We solicit for both technical proposals and price, and in the evaluation process we provide a trade-off analysis which is inherent in the best value decision. So you can look at a technically superior offer and the prices offered and determine how much the technical superiority is actually worth to the agency. In creating solicitation evaluation procedures, we establish the relative importance of the technical or non-price factors to price.

In many cases when items are not significantly differentiated technically, low price becomes the determining factor for award.

The two main approaches to evaluation are best value, where the technical capabilities are more important than price, or low priced technically acceptable, where technical offers are substantially equal.

There are numerous ways to set evaluation standards in advance of soliciting, but, once decided, you have to stick with that game plan during the evaluation.

How are you dealing with the government’s seemingly universal shortage of trained, experienced contractor and acquisition personnel?

We’ve been able to keep ourselves staffed at an acceptable level, but continue to use new methods to seek out and recruit trained staff through outreach to college campuses and widening advertising options related to job announcements. Obviously, experienced acquisition and contracting personnel leaving the active military are targets through the normal recruitment process.

In addition, the Office of Acquisition and Logistics [OAL], to whom we answer, does have an Acquisition Academy that trains interns and other VA acquisition staff in Frederick, Md., co-located with the Center for Acquisition Innovation, which also is part of the OAL. The academy offers a two-year internship and that initial class has one year remaining, so we aren’t yet sure how those interns will be distributed across the VA.

This internship brings in applicants who already meet the acquisition career field’s educational requirements; through the internship, they are provided with both additional classroom training and rotational on-the-job training at various VA offices.

What have been the highlights of the past year for NAC?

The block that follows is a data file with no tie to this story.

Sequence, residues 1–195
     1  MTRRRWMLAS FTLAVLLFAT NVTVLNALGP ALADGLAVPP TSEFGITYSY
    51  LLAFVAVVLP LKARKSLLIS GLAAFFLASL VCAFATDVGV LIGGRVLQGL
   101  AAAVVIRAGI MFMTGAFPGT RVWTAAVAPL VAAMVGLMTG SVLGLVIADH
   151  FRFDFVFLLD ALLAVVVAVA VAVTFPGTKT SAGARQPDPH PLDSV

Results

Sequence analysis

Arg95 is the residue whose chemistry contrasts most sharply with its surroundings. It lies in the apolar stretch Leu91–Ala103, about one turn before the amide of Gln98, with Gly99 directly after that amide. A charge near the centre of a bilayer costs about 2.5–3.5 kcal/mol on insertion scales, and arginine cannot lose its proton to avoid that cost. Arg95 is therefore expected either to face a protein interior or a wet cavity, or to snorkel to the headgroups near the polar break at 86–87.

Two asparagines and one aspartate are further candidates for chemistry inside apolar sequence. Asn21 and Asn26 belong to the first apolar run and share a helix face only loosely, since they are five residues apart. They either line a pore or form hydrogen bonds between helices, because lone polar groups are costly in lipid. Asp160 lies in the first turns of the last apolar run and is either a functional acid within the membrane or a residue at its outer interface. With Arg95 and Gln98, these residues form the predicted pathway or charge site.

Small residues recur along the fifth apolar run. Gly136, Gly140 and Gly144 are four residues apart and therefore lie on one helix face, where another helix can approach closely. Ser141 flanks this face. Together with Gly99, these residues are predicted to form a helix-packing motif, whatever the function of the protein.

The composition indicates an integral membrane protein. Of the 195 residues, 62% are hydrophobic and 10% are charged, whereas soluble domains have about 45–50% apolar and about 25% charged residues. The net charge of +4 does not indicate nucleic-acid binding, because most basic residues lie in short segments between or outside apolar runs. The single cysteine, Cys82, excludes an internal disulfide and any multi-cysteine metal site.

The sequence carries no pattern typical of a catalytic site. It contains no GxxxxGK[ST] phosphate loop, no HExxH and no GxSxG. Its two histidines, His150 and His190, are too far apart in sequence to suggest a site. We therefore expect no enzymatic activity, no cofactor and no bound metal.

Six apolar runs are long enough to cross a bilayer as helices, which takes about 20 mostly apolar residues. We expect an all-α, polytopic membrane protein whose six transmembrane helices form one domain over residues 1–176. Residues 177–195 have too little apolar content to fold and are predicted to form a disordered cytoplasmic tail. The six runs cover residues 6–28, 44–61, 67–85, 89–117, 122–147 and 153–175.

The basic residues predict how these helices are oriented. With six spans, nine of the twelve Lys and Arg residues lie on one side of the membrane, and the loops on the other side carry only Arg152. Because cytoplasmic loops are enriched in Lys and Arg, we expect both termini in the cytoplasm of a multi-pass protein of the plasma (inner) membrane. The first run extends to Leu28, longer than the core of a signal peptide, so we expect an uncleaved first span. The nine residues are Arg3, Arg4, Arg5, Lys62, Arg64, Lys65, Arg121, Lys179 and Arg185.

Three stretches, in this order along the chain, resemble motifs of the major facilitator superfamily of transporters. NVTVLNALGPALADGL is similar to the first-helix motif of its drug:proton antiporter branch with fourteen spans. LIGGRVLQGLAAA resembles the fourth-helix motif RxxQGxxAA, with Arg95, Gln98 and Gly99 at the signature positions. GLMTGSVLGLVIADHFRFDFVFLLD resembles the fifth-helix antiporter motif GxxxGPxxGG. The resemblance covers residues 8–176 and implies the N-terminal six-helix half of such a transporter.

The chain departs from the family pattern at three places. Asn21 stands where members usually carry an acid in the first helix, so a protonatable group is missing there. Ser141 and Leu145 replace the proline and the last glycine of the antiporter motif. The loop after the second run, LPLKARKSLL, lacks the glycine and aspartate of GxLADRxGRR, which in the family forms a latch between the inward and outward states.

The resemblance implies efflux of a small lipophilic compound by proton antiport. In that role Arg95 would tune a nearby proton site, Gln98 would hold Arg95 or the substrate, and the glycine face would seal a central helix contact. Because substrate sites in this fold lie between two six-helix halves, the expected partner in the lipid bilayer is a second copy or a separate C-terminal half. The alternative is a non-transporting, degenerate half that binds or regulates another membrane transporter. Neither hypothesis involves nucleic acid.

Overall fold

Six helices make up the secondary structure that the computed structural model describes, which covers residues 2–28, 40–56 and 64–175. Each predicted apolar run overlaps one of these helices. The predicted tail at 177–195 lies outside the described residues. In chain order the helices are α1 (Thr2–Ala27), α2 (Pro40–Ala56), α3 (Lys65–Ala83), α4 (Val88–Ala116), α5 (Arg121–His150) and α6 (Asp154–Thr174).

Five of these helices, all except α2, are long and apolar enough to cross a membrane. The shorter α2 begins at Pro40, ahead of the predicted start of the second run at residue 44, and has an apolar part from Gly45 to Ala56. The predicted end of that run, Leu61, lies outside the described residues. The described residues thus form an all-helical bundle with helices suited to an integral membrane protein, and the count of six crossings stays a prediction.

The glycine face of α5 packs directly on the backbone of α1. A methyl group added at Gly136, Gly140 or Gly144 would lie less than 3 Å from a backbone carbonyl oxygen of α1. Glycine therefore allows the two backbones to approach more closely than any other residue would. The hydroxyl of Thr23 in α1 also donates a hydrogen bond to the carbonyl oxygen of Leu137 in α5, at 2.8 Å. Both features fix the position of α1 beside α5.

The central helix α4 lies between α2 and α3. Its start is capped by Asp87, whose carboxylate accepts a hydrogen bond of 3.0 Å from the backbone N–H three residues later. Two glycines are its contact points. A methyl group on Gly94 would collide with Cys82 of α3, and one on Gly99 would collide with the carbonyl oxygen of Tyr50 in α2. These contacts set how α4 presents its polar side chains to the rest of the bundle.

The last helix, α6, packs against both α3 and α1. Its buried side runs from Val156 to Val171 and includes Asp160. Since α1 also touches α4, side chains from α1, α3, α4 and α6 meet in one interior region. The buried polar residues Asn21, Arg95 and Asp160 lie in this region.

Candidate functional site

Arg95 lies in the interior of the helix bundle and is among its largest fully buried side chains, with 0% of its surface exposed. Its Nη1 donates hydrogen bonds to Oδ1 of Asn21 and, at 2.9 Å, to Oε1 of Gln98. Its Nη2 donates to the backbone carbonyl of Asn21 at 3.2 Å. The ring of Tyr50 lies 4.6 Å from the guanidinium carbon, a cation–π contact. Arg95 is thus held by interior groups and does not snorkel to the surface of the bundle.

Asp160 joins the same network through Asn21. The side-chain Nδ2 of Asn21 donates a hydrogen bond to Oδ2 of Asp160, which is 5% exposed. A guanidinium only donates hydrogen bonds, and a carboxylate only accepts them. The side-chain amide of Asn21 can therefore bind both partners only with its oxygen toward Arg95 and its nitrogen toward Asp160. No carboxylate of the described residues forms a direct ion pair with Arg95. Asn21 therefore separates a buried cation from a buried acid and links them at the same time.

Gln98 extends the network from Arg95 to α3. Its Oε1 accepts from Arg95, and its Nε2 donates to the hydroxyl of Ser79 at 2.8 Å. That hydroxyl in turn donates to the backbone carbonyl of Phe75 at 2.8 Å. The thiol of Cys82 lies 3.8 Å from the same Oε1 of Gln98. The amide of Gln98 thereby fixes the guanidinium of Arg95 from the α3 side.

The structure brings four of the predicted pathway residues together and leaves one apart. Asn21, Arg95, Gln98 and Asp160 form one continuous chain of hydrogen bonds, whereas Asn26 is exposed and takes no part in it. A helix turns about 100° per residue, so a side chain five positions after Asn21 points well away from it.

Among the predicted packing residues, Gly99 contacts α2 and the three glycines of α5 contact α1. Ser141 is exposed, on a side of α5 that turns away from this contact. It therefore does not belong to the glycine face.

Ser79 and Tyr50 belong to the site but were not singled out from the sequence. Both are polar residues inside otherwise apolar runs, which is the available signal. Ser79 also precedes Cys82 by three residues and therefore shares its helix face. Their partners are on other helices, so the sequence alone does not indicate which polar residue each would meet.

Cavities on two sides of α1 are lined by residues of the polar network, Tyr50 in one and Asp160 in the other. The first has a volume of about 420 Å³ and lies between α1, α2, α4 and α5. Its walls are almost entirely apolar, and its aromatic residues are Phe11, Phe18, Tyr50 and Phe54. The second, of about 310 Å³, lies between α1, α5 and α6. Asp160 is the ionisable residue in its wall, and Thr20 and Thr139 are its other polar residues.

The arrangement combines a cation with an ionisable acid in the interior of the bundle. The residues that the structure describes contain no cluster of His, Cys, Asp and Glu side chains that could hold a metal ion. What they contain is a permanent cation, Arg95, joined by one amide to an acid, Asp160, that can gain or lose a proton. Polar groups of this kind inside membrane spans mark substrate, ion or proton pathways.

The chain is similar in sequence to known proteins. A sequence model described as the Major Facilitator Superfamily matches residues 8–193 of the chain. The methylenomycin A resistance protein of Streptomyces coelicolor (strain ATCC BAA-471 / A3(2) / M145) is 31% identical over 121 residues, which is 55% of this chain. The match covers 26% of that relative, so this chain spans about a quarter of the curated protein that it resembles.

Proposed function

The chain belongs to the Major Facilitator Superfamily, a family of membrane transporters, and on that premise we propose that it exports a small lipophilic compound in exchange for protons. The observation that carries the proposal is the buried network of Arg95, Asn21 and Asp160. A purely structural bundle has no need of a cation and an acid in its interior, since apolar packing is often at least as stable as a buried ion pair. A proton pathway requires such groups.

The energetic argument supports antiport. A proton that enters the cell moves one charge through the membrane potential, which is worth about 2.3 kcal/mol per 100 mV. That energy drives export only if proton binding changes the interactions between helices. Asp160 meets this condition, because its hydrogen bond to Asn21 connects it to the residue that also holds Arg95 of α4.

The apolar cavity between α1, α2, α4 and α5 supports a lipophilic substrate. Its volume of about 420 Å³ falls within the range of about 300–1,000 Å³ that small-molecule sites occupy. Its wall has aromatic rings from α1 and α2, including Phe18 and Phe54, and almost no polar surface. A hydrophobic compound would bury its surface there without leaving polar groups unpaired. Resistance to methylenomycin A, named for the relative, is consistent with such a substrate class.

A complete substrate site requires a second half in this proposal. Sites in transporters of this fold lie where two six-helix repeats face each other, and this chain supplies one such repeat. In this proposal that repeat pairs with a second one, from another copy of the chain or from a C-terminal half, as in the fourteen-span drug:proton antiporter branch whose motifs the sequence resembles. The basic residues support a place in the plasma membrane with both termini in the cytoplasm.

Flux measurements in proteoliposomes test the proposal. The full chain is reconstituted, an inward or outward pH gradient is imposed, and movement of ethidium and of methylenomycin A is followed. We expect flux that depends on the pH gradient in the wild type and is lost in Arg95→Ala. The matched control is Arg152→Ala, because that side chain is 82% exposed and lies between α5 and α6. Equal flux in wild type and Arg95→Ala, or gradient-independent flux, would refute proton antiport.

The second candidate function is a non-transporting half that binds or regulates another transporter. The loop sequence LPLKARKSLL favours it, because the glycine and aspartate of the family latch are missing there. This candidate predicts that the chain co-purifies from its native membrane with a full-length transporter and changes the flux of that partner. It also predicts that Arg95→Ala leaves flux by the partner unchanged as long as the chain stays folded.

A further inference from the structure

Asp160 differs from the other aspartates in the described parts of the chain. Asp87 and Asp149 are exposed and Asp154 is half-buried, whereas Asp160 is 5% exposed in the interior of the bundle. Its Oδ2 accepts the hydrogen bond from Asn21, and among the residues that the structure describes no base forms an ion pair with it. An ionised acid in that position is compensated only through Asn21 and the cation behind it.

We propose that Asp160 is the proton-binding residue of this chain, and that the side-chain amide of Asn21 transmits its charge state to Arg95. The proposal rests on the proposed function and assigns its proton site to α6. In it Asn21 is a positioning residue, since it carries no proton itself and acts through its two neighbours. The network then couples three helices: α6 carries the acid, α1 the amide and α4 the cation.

We have continued to look for ways to improve our electronic processes as it relates to both the posting of our catalog as well as interfacing with the vendor community.

What are the largest purchases, by dollar amount?

Pharmaceuticals are the largest piece of the pie, followed by med/surg.

Sales against our contracts equaled about $14.4 billion for FY 08 for both VA and other government agencies. We’ve been seeing slight increases annually in the past couple of years and expect a larger increase for FY 10.

What are the biggest challenges currently facing NAC?

Outside of the growth of the veteran population, we continue to try to look at processes that will help us operate as efficiently as possible internally. For the most part, that revolves around further automation in contracting.

We have a contract writing tool, for example, and in the future need to work on the ability to interface with the vendor community to receive proposals electronically and share other information through that tool. That is a VA-wide initiative, not just an NAC issue. It affects us, but we are not the owner of that process, so we are standing by to take advantage of any advancements that come down the line.

Any final thoughts?

We continue to adapt to changing and growing needs, and med/surg and pharmaceutical markets related to VA, DoD, and other federal agency requirements, and look forward to the challenges of the future. Those include continued growth in the veteran population and changing requirements based on the changing demographic of that population, which is getting younger and includes more females.

As we see the continued emphasis on standardization and on writing national contracts, which includes the FSS, in order to leverage the VA’s buying power – and that of other government agencies – NAC will be an integral part of carrying out that mission. We are already established as the leader in medical health care contracting in the federal government and our position now, as it relates to having expertise in that area, will only contribute to our growth as a national resource.

This article was first published in The Year in Veterans Affairs and Military Medicine: 2009-2010 Edition.

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J.R. Wilson has been a full-time freelance writer, focusing primarily on aerospace, defense and high...